It’s been an eye-opening tenure for Adam Gase in New York.
While Gase earned some credit for getting one of the best offensive seasons in NFL history alongside Peyton Manning in Denver, he’s had a difficult time replicating even a fraction of that success in flops with the Dolphins and Jets.
Now, two head-coaching stops, a meme, many back pages and 30 double-digit losses later, Gase is inching closer and closer to the unemployment line, with an uninspired 0-3 start to the 2020 season in New York potentially sparking a catalyst for change. Falling to 0-4 against the winless Broncos on “Thursday Night Football” will likely cost Gase his job.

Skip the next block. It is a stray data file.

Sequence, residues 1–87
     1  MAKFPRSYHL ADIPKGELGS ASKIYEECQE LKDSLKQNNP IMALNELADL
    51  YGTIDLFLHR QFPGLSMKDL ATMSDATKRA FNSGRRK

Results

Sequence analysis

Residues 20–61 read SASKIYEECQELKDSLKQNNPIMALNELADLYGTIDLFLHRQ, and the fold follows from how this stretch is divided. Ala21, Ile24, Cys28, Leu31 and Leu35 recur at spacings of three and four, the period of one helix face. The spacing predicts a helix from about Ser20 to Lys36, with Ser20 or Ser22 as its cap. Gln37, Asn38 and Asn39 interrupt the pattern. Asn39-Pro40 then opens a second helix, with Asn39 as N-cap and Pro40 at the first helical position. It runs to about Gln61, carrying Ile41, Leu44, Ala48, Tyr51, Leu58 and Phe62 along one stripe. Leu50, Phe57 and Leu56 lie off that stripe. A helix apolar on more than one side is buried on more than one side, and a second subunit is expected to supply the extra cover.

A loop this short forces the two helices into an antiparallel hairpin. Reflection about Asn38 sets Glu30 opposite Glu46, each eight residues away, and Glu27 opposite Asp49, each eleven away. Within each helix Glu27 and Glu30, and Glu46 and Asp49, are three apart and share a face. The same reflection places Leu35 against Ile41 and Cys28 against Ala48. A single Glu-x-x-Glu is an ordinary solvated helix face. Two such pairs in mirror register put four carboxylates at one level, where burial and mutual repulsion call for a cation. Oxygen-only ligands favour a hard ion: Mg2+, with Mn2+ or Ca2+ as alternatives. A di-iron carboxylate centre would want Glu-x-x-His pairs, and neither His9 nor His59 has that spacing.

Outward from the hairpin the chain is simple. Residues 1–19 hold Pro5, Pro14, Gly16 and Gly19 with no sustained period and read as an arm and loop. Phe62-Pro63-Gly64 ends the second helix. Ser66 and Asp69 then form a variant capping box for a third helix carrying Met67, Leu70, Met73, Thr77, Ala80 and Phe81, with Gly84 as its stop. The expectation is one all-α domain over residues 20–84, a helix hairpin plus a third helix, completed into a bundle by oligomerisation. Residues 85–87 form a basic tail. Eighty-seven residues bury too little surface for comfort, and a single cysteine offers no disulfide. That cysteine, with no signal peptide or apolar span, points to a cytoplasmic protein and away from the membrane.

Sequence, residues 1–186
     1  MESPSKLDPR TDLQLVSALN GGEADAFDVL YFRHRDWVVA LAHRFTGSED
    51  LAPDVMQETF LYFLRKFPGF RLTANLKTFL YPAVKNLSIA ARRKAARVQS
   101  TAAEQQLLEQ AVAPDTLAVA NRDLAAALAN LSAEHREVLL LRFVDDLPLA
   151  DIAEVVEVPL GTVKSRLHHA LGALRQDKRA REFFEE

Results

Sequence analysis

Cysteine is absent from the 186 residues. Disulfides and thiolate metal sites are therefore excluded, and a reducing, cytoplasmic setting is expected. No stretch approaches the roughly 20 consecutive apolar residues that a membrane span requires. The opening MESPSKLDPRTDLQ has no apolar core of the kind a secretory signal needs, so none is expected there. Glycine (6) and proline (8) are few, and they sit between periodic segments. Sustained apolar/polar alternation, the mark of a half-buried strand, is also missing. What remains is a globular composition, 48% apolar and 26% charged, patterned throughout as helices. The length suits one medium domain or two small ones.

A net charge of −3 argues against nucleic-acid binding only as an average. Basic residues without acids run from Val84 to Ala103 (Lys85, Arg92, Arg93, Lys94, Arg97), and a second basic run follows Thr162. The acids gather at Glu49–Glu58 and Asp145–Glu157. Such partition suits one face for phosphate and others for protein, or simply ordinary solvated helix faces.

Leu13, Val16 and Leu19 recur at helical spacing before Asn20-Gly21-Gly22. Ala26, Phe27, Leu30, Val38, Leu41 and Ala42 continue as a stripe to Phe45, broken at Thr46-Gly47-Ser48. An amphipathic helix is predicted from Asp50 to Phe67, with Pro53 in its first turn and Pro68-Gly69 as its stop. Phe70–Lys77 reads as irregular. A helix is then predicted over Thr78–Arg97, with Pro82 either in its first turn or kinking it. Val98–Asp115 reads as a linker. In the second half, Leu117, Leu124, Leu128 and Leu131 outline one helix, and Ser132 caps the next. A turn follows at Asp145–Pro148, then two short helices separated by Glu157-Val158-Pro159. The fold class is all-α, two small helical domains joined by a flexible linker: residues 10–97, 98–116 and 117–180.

Unlike the last time the Jets hired a head coach, there are several intriguing options for New York to chase as Gase’s successor. Here are five of the best:
- Current job: Offensive coordinator, Kansas City Chiefs
- Head coaching experience? No
The fact that Eric Bieniemy has interviewed with seven different organizations but has yet to land a head gig is surprising.
Sure, there’s some skepticism considering Bieniemy isn’t the one calling plays for Kansas City’s dynamic offense, but the Andy Reid coaching tree is tried and true, and Reid doesn’t get enough credit for that. John Harbaugh, Sean McDermott, Doug Pederson and Ron Rivera have all come from the Reid tree, and each head coach has had good to great levels of success in the NFL.